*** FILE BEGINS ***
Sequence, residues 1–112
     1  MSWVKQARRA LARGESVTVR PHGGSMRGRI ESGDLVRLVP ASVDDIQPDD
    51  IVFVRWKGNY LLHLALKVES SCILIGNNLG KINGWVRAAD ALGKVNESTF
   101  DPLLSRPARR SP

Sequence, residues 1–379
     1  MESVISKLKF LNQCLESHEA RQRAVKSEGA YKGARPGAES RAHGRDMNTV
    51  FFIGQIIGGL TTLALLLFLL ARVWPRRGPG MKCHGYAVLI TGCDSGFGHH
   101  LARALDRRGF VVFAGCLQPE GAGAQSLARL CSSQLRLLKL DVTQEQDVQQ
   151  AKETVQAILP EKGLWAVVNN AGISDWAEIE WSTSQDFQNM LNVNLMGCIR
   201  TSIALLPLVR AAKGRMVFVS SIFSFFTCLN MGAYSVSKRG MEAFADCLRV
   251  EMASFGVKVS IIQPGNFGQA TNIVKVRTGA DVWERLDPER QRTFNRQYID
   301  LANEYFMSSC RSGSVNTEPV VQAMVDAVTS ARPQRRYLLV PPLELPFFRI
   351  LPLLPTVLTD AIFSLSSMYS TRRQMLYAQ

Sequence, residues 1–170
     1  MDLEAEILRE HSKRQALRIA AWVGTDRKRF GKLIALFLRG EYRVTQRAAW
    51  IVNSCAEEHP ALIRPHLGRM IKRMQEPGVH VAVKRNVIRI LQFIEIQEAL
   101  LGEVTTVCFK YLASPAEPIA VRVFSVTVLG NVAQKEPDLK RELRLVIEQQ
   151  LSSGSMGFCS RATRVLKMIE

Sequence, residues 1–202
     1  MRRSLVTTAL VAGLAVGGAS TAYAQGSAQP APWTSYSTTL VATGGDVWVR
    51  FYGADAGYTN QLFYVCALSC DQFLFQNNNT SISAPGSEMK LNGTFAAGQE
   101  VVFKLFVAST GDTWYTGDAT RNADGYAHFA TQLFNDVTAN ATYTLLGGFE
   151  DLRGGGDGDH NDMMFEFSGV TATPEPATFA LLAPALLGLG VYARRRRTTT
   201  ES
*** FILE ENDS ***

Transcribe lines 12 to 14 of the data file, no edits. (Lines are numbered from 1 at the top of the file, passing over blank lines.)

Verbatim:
   301  LANEYFMSSC RSGSVNTEPV VQAMVDAVTS ARPQRRYLLV PPLELPFFRI
   351  LPLLPTVLTD AIFSLSSMYS TRRQMLYAQ

Sequence, residues 1–170